The book came out in October, and at the beginning of 2020, it was shortlisted for the Costa, which was very exciting. I went to America to do an American book tour — it was published by Scholastic in the States — and I came back at the beginning of February. I am so fortunate that the book is physically out there and I managed to get the tour in. The thing that is difficult is that on the book tour I met lots of independent booksellers and librarians and the book was uppermost in their minds — it had just come out — and then the libraries shut, the bookshops shut. There are still things happening. I have done lots of videos for them to put on their websites and we did a blog tour, which is a virtual tour. They are still putting lots of stuff out there, but it’s really difficult to know the impact of what it means to have invested in a book that has just come out and now it’s quite difficult for people to buy it.
In the UK, the London Book Fair was cancelled, I was supposed to appear at that. Hay, I was going to go to that, the Edinburgh Book Festival. All of these things have been cancelled.
My paperback was due out in June but now has a tentative 2021 publication date. I’m up for the YA Book Prize and because all of the promotion for that has gone online, it has been concertinaed into a much lesser space. It’s basically just Twitter interviews and stuff. The physical things where we would go out and meet readers and all go to Hay, none of that is happening. That’s difficult.
I am blessed to have been shortlisted for the Costa and the YA Book Prize, but all of the accompanying fanfare that goes with being shortlisted, none of that is happening, so it’s just a bit sad. I appreciate that I am incredibly lucky to have a book out there. I don’t know what’s going to happen to the paperback. I can only think of it as a queue of books that were all waiting and are now on hold. I don’t know what that means for publishing calendars, whether everything will be delayed or whether books will be cancelled.
Given that you are an experienced writer and Furious Thing has got such critical acclaim already, do you think that your paperback is less likely to be cancelled than the work of an emerging writer who doesn’t have that track record behind them?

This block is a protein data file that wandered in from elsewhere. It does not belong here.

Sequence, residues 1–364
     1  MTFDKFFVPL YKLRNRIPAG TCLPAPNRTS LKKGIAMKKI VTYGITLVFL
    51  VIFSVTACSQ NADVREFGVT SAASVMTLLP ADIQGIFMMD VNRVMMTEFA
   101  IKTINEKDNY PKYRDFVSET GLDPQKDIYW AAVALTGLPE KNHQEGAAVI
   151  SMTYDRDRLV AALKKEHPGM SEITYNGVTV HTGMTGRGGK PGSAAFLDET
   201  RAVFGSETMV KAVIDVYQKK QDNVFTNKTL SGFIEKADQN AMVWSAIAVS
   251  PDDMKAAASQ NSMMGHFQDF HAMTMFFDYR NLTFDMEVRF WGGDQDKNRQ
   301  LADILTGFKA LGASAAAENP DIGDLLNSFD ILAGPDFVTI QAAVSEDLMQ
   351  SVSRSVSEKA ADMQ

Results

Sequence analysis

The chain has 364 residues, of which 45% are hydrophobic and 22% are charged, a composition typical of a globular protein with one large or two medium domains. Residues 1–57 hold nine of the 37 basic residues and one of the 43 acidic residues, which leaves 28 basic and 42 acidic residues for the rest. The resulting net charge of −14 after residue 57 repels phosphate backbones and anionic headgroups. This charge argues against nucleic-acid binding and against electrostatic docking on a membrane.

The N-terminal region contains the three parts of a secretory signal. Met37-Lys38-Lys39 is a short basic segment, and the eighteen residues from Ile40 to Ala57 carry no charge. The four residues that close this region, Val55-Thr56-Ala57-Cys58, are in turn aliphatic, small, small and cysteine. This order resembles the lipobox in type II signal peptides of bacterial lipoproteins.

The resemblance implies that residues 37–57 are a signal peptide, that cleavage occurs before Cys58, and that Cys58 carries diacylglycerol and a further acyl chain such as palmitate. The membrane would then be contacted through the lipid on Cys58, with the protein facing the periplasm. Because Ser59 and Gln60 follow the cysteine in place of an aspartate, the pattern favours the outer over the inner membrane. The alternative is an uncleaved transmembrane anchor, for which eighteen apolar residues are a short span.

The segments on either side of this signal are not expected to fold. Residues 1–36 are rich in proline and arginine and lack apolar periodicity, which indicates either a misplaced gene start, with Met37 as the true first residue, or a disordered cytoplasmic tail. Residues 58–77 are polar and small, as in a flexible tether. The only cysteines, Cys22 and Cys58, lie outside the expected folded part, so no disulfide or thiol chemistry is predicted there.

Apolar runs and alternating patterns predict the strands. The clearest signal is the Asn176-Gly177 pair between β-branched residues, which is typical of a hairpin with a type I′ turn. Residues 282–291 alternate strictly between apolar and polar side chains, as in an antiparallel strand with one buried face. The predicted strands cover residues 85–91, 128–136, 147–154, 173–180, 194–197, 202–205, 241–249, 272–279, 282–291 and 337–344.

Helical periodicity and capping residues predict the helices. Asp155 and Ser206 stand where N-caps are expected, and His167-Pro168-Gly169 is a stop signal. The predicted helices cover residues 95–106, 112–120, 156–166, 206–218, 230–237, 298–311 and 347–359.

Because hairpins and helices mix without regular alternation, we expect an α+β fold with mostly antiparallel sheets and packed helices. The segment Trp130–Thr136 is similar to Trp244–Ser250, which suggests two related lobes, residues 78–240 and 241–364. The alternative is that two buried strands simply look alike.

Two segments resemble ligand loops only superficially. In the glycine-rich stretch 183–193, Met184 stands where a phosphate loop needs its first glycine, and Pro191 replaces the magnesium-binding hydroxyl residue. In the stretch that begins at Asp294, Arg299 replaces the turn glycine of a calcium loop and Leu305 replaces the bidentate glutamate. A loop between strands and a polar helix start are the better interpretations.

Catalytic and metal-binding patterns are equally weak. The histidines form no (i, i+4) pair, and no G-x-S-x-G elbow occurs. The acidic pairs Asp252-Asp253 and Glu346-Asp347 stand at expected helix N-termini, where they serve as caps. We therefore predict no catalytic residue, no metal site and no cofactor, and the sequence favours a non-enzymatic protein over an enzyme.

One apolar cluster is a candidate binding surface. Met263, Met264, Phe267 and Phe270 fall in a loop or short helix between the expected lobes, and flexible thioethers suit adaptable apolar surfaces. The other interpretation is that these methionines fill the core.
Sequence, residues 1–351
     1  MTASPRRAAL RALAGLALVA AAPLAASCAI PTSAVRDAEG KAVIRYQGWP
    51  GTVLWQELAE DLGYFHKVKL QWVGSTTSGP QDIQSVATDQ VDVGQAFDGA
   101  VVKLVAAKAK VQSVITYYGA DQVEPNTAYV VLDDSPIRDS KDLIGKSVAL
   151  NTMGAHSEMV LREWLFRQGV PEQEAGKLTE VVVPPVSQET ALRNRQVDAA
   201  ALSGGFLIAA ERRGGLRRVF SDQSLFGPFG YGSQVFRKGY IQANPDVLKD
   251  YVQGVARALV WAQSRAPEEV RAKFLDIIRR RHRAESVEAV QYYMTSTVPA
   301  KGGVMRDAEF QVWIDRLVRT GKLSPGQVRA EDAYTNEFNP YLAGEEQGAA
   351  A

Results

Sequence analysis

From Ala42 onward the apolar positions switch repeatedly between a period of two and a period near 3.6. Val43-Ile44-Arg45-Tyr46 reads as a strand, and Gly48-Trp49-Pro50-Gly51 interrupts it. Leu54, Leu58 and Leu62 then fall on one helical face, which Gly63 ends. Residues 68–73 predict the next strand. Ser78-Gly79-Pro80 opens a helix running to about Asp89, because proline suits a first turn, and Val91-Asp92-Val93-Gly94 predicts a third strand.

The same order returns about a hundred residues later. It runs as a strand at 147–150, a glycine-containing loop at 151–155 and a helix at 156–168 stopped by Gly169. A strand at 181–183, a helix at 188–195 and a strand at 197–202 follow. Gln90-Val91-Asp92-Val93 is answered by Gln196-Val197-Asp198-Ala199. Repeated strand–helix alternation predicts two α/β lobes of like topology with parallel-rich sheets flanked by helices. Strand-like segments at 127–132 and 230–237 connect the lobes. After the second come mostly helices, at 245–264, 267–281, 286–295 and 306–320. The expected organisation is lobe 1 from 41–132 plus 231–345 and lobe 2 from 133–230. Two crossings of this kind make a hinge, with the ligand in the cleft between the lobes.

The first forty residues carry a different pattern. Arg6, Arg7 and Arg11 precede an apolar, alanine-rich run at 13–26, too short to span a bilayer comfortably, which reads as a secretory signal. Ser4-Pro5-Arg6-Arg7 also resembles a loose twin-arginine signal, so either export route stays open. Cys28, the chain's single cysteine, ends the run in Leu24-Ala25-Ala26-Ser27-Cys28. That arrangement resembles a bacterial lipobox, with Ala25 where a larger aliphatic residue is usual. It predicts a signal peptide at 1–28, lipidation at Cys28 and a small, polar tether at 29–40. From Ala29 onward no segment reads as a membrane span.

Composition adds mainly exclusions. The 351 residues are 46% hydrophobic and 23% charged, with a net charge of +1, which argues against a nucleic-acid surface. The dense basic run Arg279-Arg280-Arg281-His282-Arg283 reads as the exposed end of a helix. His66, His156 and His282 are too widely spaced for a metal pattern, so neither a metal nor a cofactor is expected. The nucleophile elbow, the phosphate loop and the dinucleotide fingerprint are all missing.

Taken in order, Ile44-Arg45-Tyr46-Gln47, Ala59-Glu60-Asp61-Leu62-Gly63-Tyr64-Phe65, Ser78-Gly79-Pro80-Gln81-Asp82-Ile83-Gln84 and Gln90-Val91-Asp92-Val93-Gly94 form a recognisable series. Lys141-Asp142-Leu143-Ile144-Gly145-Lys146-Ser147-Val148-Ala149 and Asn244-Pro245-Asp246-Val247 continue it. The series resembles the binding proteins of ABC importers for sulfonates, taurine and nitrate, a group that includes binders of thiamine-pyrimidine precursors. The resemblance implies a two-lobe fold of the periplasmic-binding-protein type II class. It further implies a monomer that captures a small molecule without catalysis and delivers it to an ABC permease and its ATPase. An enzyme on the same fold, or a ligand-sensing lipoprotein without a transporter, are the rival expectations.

I really don’t know. If the debut feels pertinent to the situation that we are all experiencing now, then I would imagine that the choices will be made commercially — one at a time. My publisher, David Fickling Books, is great because they are a very small independent publisher, so they are able to adapt in a very quick way. They tend only to publish a couple of books a month anyway. It’s not like I’m lost in a great big corporate machine. I imagine David Fickling will try to honour every book that he has committed to publishing.
How are you finding all the uncertainty?
Professionally, I am trying not to think about it too much. If I really think about it I can think of all the worst possible scenarios that could happen, so I try not to. But if I think about what would have happened, I would have been promoting this current book, it would come out in June, I would be going to bookshops, doing signings, and appearances. I would then be writing a new book. If the trajectory goes like it has done for my last four books, at some point I would get a phone call from my publisher, asking, “How’s it going? Do you want to show us any of it? Do you want to meet with one of the editors?” None of that’s happening. Therefore, I think, given the backlog that we just talked about, it’s unlikely that new books will be nurtured in the same ways that they would have been in the past because nobody knows what the future will hold. I feel quite alone with writing this new book. I’m just writing it into a void.